Insecticidal Potential of Two Indigenious Plant Extracts and Synthetic Dust on Control of Callosobruchus chinensis (L) in Pigeon Pea Seeds
Synthetic pesticides have proven to be the most effective control agents against all pests of minor pulses. However, considering the drawbacks of pesticide residues in the seed quality, environmental pollution, and damage to natural enemies associated with synthetic pesticide use, integrated pest management schemes for pulses are being developed. The study evaluated the insecticidal potential of two indigenous plant extracts and synthetic dust on control of callosobruchus chinensis in pigeon pea seeds. Two botanicals: Eugenia aromatic and Piper guineese, were used in combination with synthetic dust at different treatment combinations for the control of Callosobruchus chinensis. The Callosobruchus chinensis used was derived from a colony originating from heavily invested pigeon pea seeds in the laboratory, while clean NSWCC-50 pigeon pea seeds were obtained from Institute of Agricultural Research and Training (IAR&T), Ibadan, Nigeria. The botanical plant extracts were obtained from a herbal store in Owerri. They were oven- dried at 60oC for 48hrs and grounded to a powder form in an electric mill. The synthetic dust (pirimiphos-methyl and permethrin) were used at a fixed application rate of 0.lg, while the botanical were varied at 0.02, 0.04, 0.06, 0.08, 0.10 g/ 20 seeds. Both the synthetic dust and the plant extracts were used singly and in combination. The mortality of Callosobruchus chinensis was monitored within the time intervals of 12, 24, 48 and 72hrs. The result showed that a sub-lethal dose of pirimiphos-metyl produced 100% adult mortality of Callosobruchus chinensis. The study also revealed that there is great potential in reducing the rate of application of synthetic organic insecticides by mixing with a sub-lethal dose of insecticidal materials. It is however, recommended that to maintain the optimum quality of pigeon pea seeds in storage, all possible combinations of low dosages of both the insecticidal plant powders and synthetic organic dusts should be tested so that the best mix can be determined.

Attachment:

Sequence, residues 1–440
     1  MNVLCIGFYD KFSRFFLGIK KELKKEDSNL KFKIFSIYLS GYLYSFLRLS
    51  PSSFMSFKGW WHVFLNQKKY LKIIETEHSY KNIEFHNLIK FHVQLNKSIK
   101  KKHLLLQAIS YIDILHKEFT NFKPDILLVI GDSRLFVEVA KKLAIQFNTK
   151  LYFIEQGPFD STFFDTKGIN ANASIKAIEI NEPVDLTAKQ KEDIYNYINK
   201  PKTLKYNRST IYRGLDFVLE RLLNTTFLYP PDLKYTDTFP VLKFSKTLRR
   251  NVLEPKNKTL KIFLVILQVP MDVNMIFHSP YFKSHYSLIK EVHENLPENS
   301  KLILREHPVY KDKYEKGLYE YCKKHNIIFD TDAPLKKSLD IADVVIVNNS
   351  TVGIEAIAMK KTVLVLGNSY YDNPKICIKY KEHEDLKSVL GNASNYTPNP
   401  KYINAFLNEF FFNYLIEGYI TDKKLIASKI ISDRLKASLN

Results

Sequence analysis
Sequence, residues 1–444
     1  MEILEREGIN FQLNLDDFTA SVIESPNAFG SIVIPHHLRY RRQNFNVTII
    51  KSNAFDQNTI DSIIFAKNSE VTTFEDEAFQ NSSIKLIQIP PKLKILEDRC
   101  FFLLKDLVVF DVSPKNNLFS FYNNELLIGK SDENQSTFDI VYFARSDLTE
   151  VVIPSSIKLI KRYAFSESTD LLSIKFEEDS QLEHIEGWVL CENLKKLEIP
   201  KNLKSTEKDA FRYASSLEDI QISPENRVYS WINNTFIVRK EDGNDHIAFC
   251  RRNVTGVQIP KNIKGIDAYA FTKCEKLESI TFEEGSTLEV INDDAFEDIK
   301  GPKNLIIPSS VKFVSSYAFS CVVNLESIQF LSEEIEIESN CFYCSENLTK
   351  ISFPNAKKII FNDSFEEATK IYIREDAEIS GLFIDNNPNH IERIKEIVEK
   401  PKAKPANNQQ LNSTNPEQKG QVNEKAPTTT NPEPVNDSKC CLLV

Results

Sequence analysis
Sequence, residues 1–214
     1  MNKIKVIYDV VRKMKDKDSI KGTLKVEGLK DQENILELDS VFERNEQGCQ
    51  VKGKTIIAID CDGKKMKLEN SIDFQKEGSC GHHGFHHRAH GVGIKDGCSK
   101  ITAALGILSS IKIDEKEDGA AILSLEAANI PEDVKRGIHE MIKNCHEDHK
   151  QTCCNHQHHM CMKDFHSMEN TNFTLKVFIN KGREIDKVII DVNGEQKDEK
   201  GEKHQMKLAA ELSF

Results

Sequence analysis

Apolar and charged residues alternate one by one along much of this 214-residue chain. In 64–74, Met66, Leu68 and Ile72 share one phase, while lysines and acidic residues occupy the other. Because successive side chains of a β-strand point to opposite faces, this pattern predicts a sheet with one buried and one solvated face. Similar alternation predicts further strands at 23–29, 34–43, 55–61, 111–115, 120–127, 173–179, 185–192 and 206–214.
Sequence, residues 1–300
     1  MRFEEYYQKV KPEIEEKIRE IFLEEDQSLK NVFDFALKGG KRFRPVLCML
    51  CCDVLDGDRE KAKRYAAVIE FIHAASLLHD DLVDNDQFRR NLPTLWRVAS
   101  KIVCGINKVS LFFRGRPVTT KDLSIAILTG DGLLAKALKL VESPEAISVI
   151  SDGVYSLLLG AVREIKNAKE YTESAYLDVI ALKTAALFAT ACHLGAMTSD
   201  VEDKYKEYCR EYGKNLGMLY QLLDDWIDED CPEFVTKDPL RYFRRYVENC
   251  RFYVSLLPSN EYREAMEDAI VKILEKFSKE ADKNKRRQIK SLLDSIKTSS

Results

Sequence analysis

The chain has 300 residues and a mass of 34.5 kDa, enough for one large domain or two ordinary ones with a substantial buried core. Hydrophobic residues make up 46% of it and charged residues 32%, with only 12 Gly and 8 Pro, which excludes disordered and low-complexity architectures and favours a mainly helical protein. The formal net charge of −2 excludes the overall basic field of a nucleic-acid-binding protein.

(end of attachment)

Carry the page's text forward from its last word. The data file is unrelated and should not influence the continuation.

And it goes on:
NAJ supports free online communication and exchange of knowledge as the most effective way of ensuring that the fruits of research and development practice are made widely available. It is therefore committed to open access, which, for authors, enables the widest possible dissemination of their findings and, for readers, increases their ability to discover pertinent information. The Journal adopts and uses the CC: BY license and is open access. This license lets others distribute, remix, adapt, and build upon your work, even commercially, as long as they credit you for the original creation. Authors are able to enter into separate, additional contractual arrangements for the non-exclusive distribution of the Journal’s published version of the work (e.g., post it to an institutional repository or publish it in a book), with an acknowledgement of its initial publication in this journal. Authors are permitted and encouraged to post their work online (e.g., in institutional repositories or on their website) prior to and during the submission process, as it can lead to productive exchanges, as well as earlier and greater citation of published work. Copyright for articles published in this Journal is retained by the Journal.